For-profit college VP named to student aid panel

Gov. Jerry Brown this week named an East Bay woman to the California Student Aid Commission, but an article I read recently makes me wonder whether he’s appointed a fox to guard the henhouse.

Brown appointed Terri Bishop, 58, of Lafayette, to the California Student Aid Commission, the stated mission of which is “making education beyond high school financially accessible to all Californians. The appointment requires Senate confirmation and the compensation is $100 per diem. Bishop is a Democrat.

According to its website, the commission is “the principal state agency responsible for administering financial aid programs for students attending public and private universities, colleges, and vocational schools in California” and “provides financial aid policy analysis and leadership, in partnership with California’s colleges, universities, financial institutions, and financial aid associations.” It administers the Cal Grant program, which provides public money to students for use at colleges and universities within the state; the program has suffered grievous cuts in recent budgets, even as public university and community college tuitions have increased.

Bishop has worked at the Apollo Group – parent company of the University of Phoenix, a for-profit system of more than 200 campuses plus online learning – since 1997, including serving most recently as executive vice president of academic strategy and senior advisor to the chief executive officer. From 1989 to 1997, she was senior vice president of the Online Campus at the University of Phoenix.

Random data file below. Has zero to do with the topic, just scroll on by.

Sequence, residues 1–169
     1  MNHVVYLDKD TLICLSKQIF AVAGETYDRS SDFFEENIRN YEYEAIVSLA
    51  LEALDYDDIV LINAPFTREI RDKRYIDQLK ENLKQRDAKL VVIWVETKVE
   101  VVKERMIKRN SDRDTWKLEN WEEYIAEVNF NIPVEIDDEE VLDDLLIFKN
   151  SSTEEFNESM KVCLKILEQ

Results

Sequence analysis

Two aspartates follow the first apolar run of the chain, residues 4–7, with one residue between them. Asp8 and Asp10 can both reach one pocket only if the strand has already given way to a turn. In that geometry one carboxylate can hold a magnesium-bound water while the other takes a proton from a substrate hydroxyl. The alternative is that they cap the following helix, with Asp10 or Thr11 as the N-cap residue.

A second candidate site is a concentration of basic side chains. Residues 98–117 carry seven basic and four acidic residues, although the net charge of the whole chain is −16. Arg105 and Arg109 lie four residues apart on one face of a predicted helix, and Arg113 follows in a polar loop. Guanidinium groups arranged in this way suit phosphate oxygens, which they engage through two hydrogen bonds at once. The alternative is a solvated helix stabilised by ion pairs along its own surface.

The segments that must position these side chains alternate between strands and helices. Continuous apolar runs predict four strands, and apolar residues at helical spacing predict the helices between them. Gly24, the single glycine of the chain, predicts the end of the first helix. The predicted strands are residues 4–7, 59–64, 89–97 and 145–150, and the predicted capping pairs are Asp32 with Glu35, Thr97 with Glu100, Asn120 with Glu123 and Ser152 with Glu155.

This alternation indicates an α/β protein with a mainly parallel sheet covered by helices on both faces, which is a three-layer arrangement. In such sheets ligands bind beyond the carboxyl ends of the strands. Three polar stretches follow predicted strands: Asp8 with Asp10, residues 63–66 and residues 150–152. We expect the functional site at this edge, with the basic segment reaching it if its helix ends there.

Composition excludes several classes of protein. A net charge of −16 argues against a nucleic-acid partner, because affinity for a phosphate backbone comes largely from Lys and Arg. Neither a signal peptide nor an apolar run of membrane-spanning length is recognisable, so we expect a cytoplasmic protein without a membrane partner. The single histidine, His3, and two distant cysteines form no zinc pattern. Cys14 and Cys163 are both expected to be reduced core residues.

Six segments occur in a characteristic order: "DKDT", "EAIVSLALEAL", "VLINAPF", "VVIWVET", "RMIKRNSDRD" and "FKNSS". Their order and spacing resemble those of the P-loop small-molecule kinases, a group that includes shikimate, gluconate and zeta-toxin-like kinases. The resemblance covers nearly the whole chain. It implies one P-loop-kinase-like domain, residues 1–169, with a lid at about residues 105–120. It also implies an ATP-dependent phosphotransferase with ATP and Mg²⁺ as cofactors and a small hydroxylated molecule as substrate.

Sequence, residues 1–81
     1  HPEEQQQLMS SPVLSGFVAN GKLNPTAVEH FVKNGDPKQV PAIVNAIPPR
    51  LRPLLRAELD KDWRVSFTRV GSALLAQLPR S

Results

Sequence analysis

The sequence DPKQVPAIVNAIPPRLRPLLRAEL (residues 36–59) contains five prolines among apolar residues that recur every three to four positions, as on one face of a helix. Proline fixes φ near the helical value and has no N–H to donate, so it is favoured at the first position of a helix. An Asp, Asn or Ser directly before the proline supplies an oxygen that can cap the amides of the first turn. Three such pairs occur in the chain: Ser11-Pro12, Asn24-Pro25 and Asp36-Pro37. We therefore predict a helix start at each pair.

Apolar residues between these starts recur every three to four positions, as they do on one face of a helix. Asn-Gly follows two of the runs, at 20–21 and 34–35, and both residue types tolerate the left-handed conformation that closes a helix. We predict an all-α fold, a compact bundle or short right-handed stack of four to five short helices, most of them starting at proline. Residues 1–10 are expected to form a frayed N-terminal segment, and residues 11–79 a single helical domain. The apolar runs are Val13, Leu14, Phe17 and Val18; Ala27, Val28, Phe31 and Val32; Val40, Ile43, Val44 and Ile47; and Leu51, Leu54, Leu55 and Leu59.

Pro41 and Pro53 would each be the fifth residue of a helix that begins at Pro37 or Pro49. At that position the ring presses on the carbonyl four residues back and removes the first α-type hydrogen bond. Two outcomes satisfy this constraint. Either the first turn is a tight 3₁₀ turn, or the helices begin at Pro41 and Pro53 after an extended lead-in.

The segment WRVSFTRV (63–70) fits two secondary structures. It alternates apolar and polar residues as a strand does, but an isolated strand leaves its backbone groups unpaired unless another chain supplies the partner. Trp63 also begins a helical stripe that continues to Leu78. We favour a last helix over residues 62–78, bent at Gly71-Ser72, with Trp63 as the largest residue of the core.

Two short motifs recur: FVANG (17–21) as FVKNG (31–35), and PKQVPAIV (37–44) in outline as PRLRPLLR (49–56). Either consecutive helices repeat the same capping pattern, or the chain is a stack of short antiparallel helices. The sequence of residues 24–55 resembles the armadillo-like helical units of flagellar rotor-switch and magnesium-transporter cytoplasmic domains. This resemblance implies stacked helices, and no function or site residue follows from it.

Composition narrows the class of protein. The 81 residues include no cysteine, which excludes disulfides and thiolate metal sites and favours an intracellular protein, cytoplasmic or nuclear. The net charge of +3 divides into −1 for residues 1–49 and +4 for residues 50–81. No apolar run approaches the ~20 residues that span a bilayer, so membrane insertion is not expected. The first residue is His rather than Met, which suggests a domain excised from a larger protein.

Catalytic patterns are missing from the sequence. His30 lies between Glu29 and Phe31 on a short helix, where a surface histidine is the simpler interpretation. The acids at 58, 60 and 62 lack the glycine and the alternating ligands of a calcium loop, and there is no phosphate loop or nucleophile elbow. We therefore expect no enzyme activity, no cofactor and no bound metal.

Now, I don’t know Bishop, and I have no reason to doubt her or her motivations on an individual, personal or professional basis. But the hair on the back of my neck rose a bit when I read about this appointment, as I recalled an article in the October issue of Harper’s which cast the University of Phoenix and schools like it in a not-so-favorable light.

From that article:

Currently, proprietary institutions educate about one in ten American college students while taking in nearly a quarter of all Title IV funding – $4 billion in Pell Grants and $20 billion in guaranteed loans in 2009.

All this government funding is notable because enrolling at for-profit colleges turns out to be a terrible deal for most students. Almost three fifths drop out without a degree within a year, and virtually all take on debt to help pay for their education. They default on their loans at about twice the rate of students at public colleges and universities and three times the rate of students at private ones. Those who graduate often wind up in low-paying jobs, doing tasks with minimal connection to their degrees.